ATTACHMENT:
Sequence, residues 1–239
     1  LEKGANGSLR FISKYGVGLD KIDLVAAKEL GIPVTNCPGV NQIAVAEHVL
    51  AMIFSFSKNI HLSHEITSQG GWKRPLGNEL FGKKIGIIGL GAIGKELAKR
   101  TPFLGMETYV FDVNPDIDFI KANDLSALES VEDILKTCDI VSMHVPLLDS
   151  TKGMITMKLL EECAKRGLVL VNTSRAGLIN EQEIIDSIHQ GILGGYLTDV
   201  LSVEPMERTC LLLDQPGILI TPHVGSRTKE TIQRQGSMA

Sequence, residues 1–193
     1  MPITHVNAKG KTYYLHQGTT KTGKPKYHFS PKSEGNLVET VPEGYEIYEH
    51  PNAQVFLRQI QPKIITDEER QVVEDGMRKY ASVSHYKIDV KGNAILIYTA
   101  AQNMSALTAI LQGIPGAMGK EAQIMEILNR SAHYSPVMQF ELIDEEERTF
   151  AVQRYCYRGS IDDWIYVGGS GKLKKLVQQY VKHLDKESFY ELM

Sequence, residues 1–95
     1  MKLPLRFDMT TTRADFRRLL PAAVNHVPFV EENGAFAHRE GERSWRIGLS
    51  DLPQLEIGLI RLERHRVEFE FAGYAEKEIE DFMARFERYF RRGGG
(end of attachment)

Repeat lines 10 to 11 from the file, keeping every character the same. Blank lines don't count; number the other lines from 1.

   101  AQNMSALTAI LQGIPGAMGK EAQIMEILNR SAHYSPVMQF ELIDEEERTF
   151  AVQRYCYRGS IDDWIYVGGS GKLKKLVQQY VKHLDKESFY ELM